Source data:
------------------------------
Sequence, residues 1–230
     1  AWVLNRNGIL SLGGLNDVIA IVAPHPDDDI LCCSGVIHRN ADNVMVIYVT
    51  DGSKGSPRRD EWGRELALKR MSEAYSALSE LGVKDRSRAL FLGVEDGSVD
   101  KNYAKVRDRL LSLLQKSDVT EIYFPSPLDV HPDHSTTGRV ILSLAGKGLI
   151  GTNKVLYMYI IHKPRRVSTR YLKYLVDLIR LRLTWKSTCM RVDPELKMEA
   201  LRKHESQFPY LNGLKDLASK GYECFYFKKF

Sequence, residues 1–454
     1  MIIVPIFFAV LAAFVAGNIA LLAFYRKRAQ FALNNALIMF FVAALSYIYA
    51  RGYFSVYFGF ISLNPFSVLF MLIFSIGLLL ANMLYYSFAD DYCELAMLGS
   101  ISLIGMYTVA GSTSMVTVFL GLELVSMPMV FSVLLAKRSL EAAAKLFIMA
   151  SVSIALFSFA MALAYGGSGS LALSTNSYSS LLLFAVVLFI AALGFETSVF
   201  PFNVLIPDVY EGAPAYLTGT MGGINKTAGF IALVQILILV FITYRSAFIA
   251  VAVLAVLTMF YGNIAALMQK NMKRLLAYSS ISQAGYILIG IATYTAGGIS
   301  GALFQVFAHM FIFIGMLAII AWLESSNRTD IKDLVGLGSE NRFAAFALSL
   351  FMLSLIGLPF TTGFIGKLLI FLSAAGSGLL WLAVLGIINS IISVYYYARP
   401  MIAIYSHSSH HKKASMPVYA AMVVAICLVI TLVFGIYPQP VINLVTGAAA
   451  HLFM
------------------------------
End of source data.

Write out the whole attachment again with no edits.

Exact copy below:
Sequence, residues 1–230
     1  AWVLNRNGIL SLGGLNDVIA IVAPHPDDDI LCCSGVIHRN ADNVMVIYVT
    51  DGSKGSPRRD EWGRELALKR MSEAYSALSE LGVKDRSRAL FLGVEDGSVD
   101  KNYAKVRDRL LSLLQKSDVT EIYFPSPLDV HPDHSTTGRV ILSLAGKGLI
   151  GTNKVLYMYI IHKPRRVSTR YLKYLVDLIR LRLTWKSTCM RVDPELKMEA
   201  LRKHESQFPY LNGLKDLASK GYECFYFKKF

Sequence, residues 1–454
     1  MIIVPIFFAV LAAFVAGNIA LLAFYRKRAQ FALNNALIMF FVAALSYIYA
    51  RGYFSVYFGF ISLNPFSVLF MLIFSIGLLL ANMLYYSFAD DYCELAMLGS
   101  ISLIGMYTVA GSTSMVTVFL GLELVSMPMV FSVLLAKRSL EAAAKLFIMA
   151  SVSIALFSFA MALAYGGSGS LALSTNSYSS LLLFAVVLFI AALGFETSVF
   201  PFNVLIPDVY EGAPAYLTGT MGGINKTAGF IALVQILILV FITYRSAFIA
   251  VAVLAVLTMF YGNIAALMQK NMKRLLAYSS ISQAGYILIG IATYTAGGIS
   301  GALFQVFAHM FIFIGMLAII AWLESSNRTD IKDLVGLGSE NRFAAFALSL
   351  FMLSLIGLPF TTGFIGKLLI FLSAAGSGLL WLAVLGIINS IISVYYYARP
   401  MIAIYSHSSH HKKASMPVYA AMVVAICLVI TLVFGIYPQP VINLVTGAAA
   451  HLFM